Bird brains! According to the study, the alpine parrot may have fled to the mountains to avoid humans

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Bird brains! According to the study, the alpine parrot may have fled to the mountains to avoid humans

  • Keas, a type of parrot native to New Zealand’s Alpine regions, may have fled there to get away from humans
  • The birds adapted the area as their home as it was largely untouched by humans
  • If the alpine zone retreats as it has done due to climate change, it is unclear whether kea and its sister species, the kākā, can survive in the same area

Keas, a species of large parrots native to New Zealand’s Alpine regions, may have fled there to get away from humans, a new study suggests.

The study shows evidence that the birds adapted the area as their home, as it was an area largely untouched by humans.

Study co-author and associate professor at the University of Otago, Michael Knapp, openly wondered ‘if kea uses the alpine zone as a refuge for human activity, what other options do they have when the alpine zone disappears? early in one statement.

The alpine zone has undergone significant changes in recent years due to global warming, the New Zealand Plant Conservation Network.

It is possible that the kea uses the forests more, possibly conflicting them with its sister species, the kākā, but at this point the researchers just don’t know.

‘It is important to know how alpine species will respond to global warming so that the best conservation decisions can be made to protect them, especially in remote island environments with very limited opportunities for species to move elsewhere,’ added Knapp .

Keas live in the Alpine regions of New Zealand and may have fled there to get away from humans

Kākās are another type of parrot that is also found in New Zealand, albeit mainly in the forests of the island country

The two birds may have to fight for the same space if the climate continues to get warmer

Keas and Kākās can both be found in New Zealand.  According to some estimates, the kea population is between 3,000 and 7,000, while Kākās can number less than 10,000

Keas and Kākās can both be found in New Zealand. According to some estimates, the kea population is between 3,000 and 7,000, while Kākās can number less than 10,000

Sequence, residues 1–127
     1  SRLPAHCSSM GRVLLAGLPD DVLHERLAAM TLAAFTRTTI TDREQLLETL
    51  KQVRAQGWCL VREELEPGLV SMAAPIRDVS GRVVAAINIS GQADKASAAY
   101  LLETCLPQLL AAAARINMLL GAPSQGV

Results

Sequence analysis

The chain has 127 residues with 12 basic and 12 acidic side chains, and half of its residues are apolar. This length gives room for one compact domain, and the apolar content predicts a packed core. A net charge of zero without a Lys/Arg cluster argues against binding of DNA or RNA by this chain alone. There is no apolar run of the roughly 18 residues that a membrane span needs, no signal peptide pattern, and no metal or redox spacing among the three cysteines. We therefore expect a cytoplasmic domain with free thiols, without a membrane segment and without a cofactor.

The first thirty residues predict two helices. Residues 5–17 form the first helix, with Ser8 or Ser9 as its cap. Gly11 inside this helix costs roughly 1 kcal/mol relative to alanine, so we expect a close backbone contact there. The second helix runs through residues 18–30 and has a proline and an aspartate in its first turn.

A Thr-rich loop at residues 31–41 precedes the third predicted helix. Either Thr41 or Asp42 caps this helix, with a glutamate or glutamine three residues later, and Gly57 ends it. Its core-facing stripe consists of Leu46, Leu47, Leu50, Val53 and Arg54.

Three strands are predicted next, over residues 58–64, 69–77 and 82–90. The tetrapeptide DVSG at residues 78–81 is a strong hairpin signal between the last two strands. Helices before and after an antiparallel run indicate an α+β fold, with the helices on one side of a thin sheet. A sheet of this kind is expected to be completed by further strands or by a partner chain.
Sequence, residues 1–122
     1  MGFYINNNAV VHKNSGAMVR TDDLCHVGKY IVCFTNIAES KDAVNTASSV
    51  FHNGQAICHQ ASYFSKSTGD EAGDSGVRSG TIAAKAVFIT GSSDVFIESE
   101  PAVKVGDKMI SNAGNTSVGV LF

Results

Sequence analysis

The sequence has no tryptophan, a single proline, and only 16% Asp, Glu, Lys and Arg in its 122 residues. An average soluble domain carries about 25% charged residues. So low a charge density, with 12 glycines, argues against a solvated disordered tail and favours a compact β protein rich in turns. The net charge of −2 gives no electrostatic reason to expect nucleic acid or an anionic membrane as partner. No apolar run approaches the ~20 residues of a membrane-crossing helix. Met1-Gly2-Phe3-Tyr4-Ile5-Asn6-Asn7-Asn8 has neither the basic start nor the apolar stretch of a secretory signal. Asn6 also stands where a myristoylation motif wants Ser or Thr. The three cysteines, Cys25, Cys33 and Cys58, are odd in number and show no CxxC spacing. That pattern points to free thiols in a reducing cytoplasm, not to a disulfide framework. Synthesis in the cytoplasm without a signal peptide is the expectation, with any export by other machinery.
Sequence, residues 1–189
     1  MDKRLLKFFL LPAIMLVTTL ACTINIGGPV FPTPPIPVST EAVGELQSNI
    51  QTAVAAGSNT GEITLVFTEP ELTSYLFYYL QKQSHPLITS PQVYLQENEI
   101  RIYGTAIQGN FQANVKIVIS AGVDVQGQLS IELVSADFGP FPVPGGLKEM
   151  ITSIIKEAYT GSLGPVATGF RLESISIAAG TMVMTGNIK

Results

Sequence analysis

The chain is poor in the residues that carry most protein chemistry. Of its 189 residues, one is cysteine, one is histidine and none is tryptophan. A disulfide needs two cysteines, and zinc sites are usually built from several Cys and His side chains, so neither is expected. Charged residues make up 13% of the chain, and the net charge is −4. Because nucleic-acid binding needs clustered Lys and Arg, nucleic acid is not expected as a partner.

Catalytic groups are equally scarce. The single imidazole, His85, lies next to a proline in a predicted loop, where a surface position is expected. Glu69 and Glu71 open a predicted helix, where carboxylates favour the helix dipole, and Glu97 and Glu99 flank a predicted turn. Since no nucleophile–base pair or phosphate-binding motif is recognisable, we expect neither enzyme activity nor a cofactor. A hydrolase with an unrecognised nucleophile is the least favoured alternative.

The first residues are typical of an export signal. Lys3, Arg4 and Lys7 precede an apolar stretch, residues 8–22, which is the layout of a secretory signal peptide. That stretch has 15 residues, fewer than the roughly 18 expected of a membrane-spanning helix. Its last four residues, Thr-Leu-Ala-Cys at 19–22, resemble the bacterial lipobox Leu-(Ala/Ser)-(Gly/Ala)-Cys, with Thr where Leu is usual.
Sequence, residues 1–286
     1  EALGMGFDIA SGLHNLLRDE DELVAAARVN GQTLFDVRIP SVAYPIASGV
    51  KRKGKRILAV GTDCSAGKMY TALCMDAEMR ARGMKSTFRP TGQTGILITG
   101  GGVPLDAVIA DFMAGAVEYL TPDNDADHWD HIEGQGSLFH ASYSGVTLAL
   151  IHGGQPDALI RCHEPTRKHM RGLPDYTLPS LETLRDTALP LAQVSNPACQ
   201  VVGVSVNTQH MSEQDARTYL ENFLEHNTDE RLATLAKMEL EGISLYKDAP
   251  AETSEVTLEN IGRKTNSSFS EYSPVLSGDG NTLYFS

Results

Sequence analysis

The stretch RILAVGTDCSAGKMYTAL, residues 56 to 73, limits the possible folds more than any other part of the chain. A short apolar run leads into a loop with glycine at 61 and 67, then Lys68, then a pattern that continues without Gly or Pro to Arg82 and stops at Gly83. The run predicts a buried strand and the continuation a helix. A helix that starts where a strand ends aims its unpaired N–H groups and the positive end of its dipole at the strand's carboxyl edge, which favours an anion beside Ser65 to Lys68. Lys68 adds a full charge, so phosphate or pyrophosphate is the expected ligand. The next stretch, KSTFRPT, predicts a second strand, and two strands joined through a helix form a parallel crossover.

Keas are known for their olive green body and orange feathers under their wings. They also have a gray long, narrow curved gray bill.

Kākās are another type of parrot that is also found in New Zealand, albeit mainly in the forests of the island country.

Keas, which have wingspan of nearly three feet long and about 19 inches long, have adapted well to the changing climate, but they’re not out of the proverbial forests yet.

The study's lead author, Denise Martini (pictured), along with a kākā

The study’s lead author, Denise Martini (pictured), along with a kākā

To find out how both species could cope with a warming climate, the researchers looked at their histories.

During ice ages, the kea’s habitat expanded, while kākā expanded between ice ages.

The population size of Kea remained relatively stable (albeit small), while the size of the kākā population varied widely.

The country estimates that there are between 3,000 and 7,000 keas in New Zealand Ministry of Conservation.

Conversely, it is believed that according to experts.

The study’s lead author, PhD candidate Denise Martini of the University of Otago, said the findings are just “ the tip of the iceberg ” of what researchers can gain by observing the evolution of the two birds.

Unfortunately, when it comes to conservation decisions, we are often forced to invest in short-term ’emergency solutions’, and it is rare for researchers and conservationists to have a chance to really look at the long-term prospects for a country’s survival. term. kinds, ”said Martini.

Martini continued, “Making those kinds of predictions in a changing environment requires the kind of in-depth knowledge that is simply not available to many endangered species. I am hopeful that with the help of new emerging technologies and greater public awareness of environmental issues, we will be able to move beyond the limitations we now have. ‘

The findings were published earlier this month in the scientific journal Molecular Ecology.

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